First Line: Isn't it a little late for praying? Tom Dayle thought but did not say.
When a teenage boy dies under suspicious circumstances on Halloween night, the first thing that crosses Chief John Rafferty's mind is the triple homicide in 1989 that paralyzed the town of Salem, Massachusetts. Still unsolved and called "the Goddess Murders," the case concerned the murders on Halloween night of three young women who were all descendants of accused Salem witches.
What Chief of Police Rafferty doesn't expect is help from Callie Cahill, the daughter of one of the three victims who's just returned to town. Neither John nor Callie believe that the main suspect, Rose Whelan, is guilty of murder or witchcraft, but proving her innocence is going to be extremely difficult.
Barry's setting of Salem, Massachusetts is absolute perfection. She brings the city and its history to life, and she makes me want to board a plane and go there immediately for at least a month so that I can explore everything.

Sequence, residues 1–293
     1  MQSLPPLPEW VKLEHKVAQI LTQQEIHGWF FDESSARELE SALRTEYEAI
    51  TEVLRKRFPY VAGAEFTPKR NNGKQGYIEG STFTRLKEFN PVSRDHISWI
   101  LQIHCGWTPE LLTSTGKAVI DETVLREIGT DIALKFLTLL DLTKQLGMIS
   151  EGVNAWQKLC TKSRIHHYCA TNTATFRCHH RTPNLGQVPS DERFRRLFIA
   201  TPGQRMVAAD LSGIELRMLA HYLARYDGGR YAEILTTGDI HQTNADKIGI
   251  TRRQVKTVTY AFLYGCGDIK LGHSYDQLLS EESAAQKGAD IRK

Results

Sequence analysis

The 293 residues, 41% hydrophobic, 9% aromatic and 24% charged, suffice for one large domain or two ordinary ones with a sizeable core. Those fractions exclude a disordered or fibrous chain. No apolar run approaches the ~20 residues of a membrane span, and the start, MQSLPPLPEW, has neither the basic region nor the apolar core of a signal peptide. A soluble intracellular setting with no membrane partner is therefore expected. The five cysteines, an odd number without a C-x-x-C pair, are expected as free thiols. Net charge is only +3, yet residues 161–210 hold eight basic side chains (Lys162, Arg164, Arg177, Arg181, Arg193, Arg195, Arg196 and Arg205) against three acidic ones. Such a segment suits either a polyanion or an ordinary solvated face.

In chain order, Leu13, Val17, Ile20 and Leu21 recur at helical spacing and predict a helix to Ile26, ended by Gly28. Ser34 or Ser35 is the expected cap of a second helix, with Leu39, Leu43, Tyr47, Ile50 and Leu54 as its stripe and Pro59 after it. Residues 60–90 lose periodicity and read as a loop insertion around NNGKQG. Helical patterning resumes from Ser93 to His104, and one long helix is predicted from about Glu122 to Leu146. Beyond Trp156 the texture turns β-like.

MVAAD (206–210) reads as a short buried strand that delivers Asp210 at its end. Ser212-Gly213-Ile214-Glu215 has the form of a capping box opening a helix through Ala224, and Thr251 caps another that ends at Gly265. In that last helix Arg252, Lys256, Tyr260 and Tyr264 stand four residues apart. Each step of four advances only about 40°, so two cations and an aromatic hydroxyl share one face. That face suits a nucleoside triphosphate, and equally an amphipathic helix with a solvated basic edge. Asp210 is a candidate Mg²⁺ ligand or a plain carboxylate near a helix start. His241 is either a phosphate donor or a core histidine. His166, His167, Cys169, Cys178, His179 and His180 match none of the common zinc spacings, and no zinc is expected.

The cold case involving the three murdered women is also fascinating. There were two witnesses to the murders, but one suffered a psychotic break from which she never recovered, and the second witness's memories are as the five-year-old girl she was at the time. This makes any information they give Rafferty difficult to interpret, and of course, the chief has to deal with a town that's ready to conduct another witch hunt.
There are several brilliant elements to this story, but I found it to be in dire need of an editor. "Too much middle" means that the pace slowed down to a crawl several times, and I began to find myself losing interest or wanting to skim. Not good. However, the good does far outweigh the bad, and Barry's mystery lingers in my mind still.
The Fifth Petal by Brunonia Barry
Crown Publishing © 2017
Hardcover, 448 pages
Literary Mystery, Standalone
Source: Purchased from The Poisoned Pen.